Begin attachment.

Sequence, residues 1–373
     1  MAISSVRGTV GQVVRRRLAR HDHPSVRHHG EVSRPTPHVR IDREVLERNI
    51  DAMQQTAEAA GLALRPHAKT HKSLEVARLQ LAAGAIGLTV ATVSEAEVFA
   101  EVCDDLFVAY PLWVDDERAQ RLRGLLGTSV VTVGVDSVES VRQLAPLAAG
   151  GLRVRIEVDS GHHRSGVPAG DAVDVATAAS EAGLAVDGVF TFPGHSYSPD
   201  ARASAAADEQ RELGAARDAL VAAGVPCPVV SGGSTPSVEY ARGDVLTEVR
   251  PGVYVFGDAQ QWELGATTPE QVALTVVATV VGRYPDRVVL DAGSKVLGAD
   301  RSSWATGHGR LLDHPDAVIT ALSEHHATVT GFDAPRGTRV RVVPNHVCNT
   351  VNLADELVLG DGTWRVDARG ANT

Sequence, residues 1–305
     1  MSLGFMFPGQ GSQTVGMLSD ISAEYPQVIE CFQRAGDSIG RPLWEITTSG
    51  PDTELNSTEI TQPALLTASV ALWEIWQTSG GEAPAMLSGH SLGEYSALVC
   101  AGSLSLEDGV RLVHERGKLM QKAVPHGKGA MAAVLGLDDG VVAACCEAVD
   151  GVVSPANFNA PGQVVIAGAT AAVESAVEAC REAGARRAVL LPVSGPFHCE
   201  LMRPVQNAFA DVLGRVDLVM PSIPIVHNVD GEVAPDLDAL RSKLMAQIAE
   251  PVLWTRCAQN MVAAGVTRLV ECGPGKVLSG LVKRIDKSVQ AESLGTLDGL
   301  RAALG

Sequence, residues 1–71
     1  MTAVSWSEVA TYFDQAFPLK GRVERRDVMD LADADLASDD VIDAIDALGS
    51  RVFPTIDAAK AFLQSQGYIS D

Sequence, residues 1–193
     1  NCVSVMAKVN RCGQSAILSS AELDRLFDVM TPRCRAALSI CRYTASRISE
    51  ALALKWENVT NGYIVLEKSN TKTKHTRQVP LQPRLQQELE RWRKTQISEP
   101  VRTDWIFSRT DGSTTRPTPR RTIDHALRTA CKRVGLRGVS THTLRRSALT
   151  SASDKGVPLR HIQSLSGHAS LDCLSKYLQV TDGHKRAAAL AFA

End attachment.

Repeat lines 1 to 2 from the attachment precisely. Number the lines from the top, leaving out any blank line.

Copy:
Sequence, residues 1–373
     1  MAISSVRGTV GQVVRRRLAR HDHPSVRHHG EVSRPTPHVR IDREVLERNI